Chow Gar

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Chow Gar Tong long (????) is a southern Chinese martial art and is one of the four major schools in Southern Praying Mantis. It is an aggressive style with emphasis on close range fighting. These skills are developed by utilizing a range of training techniques which have been developed over several centuries.

This style is not related to Jow-Ga Kung Fu(??), a southern Chinese martial art founded by Jow Lung in the early 1900s.

The history of Chow Gar Praying Mantis was transmitted orally with little supporting documentation until the 1900s. The origins of Chow Gar are similar to other martial arts of the Hakka community with references to the Southern Shaolin monastery and exploits centered around Southern China. Information prior to the turn of the century is speculative at best. In the modern era, Lau Soei is recognized by both the Chow Gar and Chu Gar practitioners as the leading promoter of this style. The leading authorities on Chow Gar are the students of Yip Shui and their schools can be found worldwide.

According to Chow Gar tradition, the founder of the style was Chow Ah Naam (???) who lived in the 1800s. He had spent many years in the Southern Shaolin Monastery under the guidance of the abbot Sim See Yan. He created a new style which he called Praying Mantis from watching a fight between a praying mantis and a bird. His style is not related to the Northern Praying Mantis created by Wang Lang (??) during the Song Dynasty (960-1279). Ah Naam taught the style to many people in the region and one of his students was Wong Fook Go.

Wong Fook Go (???) was initially a lay person but later became a traveling monk. He travelled throughout Southern China including Wai Yearn village in the area of Tung Kung (East River).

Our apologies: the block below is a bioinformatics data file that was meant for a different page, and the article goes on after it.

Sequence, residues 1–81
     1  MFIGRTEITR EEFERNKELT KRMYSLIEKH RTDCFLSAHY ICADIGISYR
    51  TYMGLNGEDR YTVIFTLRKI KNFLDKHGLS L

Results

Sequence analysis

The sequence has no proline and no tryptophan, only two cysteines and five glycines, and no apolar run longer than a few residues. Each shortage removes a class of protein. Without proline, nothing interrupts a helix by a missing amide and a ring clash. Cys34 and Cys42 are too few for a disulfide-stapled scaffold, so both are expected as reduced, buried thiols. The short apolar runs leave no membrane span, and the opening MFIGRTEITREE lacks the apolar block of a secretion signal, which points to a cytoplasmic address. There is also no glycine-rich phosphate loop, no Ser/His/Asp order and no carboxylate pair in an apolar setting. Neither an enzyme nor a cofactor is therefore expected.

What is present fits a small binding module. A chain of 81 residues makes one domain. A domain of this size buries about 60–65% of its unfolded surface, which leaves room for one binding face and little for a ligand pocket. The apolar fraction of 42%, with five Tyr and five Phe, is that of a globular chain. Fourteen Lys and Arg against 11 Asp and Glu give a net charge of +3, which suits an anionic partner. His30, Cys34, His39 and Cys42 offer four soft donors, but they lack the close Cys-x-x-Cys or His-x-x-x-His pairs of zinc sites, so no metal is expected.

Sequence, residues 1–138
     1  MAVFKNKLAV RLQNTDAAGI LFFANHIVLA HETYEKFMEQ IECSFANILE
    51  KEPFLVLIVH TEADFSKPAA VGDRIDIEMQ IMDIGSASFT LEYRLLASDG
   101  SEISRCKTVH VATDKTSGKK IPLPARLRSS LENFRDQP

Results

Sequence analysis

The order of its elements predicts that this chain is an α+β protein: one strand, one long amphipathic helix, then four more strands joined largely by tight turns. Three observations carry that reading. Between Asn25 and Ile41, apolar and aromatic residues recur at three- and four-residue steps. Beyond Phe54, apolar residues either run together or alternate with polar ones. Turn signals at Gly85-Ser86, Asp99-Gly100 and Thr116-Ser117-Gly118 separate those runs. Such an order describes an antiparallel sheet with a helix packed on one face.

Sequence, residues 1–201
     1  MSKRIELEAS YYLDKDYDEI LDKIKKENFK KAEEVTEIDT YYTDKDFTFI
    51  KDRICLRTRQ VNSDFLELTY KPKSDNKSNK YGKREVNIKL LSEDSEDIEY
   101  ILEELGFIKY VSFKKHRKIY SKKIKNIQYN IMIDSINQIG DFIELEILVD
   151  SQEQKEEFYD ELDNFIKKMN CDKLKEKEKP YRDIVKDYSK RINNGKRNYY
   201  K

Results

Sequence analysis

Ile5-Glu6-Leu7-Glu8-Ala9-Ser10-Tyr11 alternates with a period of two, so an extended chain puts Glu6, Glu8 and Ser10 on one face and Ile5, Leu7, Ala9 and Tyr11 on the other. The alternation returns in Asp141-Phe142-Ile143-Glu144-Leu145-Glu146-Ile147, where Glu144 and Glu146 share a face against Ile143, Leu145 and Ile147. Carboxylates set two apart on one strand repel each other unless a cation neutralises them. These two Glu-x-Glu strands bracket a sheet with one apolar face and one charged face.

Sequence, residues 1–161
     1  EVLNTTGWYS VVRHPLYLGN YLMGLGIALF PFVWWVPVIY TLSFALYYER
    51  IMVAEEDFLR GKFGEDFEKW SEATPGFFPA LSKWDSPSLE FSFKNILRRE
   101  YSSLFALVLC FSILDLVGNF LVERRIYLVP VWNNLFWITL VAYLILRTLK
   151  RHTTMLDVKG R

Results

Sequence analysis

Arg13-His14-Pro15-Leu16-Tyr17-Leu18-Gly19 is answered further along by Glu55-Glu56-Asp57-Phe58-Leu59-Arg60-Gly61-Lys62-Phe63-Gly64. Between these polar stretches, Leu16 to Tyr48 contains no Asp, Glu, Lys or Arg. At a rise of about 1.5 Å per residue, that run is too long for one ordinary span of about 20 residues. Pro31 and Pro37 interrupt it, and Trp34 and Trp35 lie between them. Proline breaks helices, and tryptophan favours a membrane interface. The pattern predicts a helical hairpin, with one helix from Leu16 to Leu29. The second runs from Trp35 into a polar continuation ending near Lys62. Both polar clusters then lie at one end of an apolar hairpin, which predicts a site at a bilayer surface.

Lau Soei (??; ??; ??) was an accomplished teacher of the martial arts in his home village of Wai Yearn in Southern China before meeting Wong Fook Go. Oral traditions suggested that Lau challenged Wong and was soundly defeated by Wong. Lau then became a student of Wong and became proficient in the Chu Gar Southern Praying Mantis. Using this knowledge, he further enhanced his reputation and earned the nickname as the “Number one of the three tigers of Dong Jiang (??????).[1]

In 1913, Lau Soei moved to Hong Kong and established a Southern Praying Mantis school in Kowloon. Initially, he would teach his system only to members of the Hakka community. Near the end of his career, he opened his teachings to the general public. Yip Shui was one of his first non-Hakka students. Lau Soei died in 1942.

Yip Shui (??; ??) continued on the tradition of Lau Soei after living and training extensively with Lau Soei. He established a reputation for the effectiveness of the Chow Gar style by meeting all challenges. He worked hard to teach and promote this style. Yip Shui passed away in 2004.

Yip Chee Keung, the son of Yip Shui, continues the family tradition as a promoter of this system. Chee Keung emigrated to London, England in the 1970s. He established a Chow Gar Southern Mantis School there.[2] Paul Whitrod started his training with Yip Chee Keung at that school in 1974. Paul is now the UK representative for Chow Gar. [3]

Ng Si Kay (???), Yip Shui’s son in law, is the current head instructor for Chow Gar Mantis Association (International) based in Hong Kong.[4] Li Tin Loi (???), another student of Yip Shui, is teaching at the Hong Kong Tong Kong Chow Ka-Praying Mantis Li Tin Loi Martial Arts Association (??????????????). [5]

With the efforts and dedication of those teachers and many others, Chow Gar practitioners can now be found throughout the world. There are now Chow Gar schools and associations in Hong Kong, England [6], the Netherlands [7] and Australia. [8]

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